MACON – Dr. John T. Matthews, professor of English at Boston University, will deliver three lectures on the theme “Hidden in Plain Sight: The Problem of the South in the American Literary Imagination” as part of Mercer University's 59th annual Lamar Lectures, the most prominent lecture series on Southern history and culture in the U.S.
The lectures, presented by Mercer's Center for Southern Studies, will take place Oct. 3-4 in the Presidents Dining Room inside the University Center on the Macon campus.
Dr. Matthews studies southern literature, with a specialization in modernism and William Faulkner. His opening lecture, “Purloined Letters: Poe, Pym, and the Plantation World,” is set for Oct. 3 at 10 a.m., followed by “Unreckonable Riches: Hawthorne, Salem, and The House of Seven Gables” on Oct. 3 at 6 p.m. The series will conclude with “Modern Equivocations: Imagining the Plantation after the Plantation” on Oct. 4 at 6 p.m.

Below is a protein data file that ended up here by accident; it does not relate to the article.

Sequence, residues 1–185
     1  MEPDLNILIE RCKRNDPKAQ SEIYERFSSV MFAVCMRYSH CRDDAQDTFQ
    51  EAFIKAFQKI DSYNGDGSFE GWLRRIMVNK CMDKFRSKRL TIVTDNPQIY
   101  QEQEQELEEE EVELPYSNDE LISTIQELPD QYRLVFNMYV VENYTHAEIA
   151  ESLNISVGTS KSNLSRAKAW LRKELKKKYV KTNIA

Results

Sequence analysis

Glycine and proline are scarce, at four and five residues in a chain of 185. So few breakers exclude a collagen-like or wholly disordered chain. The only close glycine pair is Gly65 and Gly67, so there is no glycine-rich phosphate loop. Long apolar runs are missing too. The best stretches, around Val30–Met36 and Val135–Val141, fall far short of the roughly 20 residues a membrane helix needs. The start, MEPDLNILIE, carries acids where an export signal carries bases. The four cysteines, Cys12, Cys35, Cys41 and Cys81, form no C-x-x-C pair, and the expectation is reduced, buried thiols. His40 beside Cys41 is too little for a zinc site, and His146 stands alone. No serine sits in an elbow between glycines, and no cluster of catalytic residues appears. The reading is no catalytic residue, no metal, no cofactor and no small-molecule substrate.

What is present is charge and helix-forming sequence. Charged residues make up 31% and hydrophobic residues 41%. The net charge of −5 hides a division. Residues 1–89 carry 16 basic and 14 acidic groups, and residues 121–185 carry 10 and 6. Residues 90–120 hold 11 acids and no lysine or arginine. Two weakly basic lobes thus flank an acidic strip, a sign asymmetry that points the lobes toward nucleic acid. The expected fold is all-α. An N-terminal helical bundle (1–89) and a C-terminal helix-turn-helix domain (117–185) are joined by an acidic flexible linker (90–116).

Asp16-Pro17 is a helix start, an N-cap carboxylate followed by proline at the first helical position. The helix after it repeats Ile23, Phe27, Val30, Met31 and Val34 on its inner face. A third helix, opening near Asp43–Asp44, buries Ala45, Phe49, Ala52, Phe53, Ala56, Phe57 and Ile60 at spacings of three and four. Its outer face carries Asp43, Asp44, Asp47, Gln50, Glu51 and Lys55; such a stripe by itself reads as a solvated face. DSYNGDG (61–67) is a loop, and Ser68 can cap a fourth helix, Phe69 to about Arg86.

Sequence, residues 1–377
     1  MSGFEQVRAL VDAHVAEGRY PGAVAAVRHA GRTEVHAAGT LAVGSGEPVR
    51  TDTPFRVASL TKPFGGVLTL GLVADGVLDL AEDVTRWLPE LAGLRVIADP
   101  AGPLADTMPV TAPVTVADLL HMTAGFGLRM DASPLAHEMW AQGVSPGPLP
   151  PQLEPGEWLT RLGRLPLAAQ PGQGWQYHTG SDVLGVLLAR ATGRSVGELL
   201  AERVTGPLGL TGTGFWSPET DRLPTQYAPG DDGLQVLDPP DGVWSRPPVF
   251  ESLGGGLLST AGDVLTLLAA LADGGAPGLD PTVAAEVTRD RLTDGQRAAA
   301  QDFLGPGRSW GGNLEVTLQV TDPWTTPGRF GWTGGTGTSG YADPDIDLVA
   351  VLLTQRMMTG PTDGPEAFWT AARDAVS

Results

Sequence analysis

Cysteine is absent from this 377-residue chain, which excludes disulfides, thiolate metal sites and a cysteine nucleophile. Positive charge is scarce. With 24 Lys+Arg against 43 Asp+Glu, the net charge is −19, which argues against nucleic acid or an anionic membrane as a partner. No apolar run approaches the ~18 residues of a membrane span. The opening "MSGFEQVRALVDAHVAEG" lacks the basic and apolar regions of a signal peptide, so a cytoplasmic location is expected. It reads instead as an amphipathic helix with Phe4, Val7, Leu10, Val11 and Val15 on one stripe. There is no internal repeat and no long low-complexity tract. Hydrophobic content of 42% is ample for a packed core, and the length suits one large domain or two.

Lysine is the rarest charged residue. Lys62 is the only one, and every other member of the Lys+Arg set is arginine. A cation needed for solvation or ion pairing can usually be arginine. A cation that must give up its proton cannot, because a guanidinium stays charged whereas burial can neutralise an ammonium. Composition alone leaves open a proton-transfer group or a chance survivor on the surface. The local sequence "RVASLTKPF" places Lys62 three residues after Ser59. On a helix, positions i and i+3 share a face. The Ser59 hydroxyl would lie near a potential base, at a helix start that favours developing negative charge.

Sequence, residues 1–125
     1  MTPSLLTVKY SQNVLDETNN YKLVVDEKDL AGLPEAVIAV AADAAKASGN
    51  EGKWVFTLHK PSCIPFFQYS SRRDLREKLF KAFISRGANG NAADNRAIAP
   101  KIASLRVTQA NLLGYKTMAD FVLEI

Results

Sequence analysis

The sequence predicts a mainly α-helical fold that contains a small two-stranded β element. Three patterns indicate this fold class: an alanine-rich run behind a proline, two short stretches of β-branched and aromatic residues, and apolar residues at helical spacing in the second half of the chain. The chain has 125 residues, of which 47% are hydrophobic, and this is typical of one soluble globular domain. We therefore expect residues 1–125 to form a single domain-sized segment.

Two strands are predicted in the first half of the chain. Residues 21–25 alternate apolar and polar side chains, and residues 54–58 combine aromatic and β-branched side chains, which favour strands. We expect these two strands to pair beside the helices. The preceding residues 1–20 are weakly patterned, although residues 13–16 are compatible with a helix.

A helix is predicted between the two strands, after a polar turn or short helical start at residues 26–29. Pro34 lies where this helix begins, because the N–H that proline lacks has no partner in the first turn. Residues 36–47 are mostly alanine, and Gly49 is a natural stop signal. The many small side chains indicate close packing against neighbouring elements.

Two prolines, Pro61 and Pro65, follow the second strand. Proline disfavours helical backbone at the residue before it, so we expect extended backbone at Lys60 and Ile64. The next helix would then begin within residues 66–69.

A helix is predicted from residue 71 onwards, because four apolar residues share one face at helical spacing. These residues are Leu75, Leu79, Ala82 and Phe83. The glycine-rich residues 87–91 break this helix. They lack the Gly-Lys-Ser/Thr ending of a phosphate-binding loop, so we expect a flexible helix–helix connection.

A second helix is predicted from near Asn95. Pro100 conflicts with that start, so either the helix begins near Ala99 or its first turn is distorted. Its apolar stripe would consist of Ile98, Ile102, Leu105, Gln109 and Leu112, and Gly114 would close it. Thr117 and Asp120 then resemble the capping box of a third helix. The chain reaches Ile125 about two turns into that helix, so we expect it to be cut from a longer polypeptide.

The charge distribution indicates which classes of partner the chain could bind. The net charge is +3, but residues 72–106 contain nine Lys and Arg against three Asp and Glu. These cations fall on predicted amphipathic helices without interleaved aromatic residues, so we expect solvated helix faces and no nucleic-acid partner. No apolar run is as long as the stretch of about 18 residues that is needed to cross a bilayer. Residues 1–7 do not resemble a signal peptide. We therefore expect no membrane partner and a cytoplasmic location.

“Professor Matthews is among the most thoughtful and engaged scholars of literary modernism,” said lecture series director Dr. Sarah E. Gardner, professor of history and director of Mercer's Center for Southern Studies. “We are fortunate to have him on campus.”
Dr. Matthews is the author of The Play of Faulkner's Language; The Sound and the Fury: Faulkner and the Lost Cause; and William Faulkner: Seeing Through the South. He is the editor of The Blackwell Companion to the Modern American Novel, 1900-1950; William Faulkner in Context; and The New Cambridge Companion to William Faulkner.
The Lamar Lecture series, made possible through a bequest from the late Eugenia Dorothy Blount Lamar, began in 1957. The series promotes the permanent preservation of Southern culture, history and literature. Speakers have included nationally and internationally known scholars, such as Cleanth Brooks, James C. Cobb, Trudier Harris, Fred Hobson, Eugene Genovese and Eric Sundquist. The University of Georgia Press publishes the lectures each year.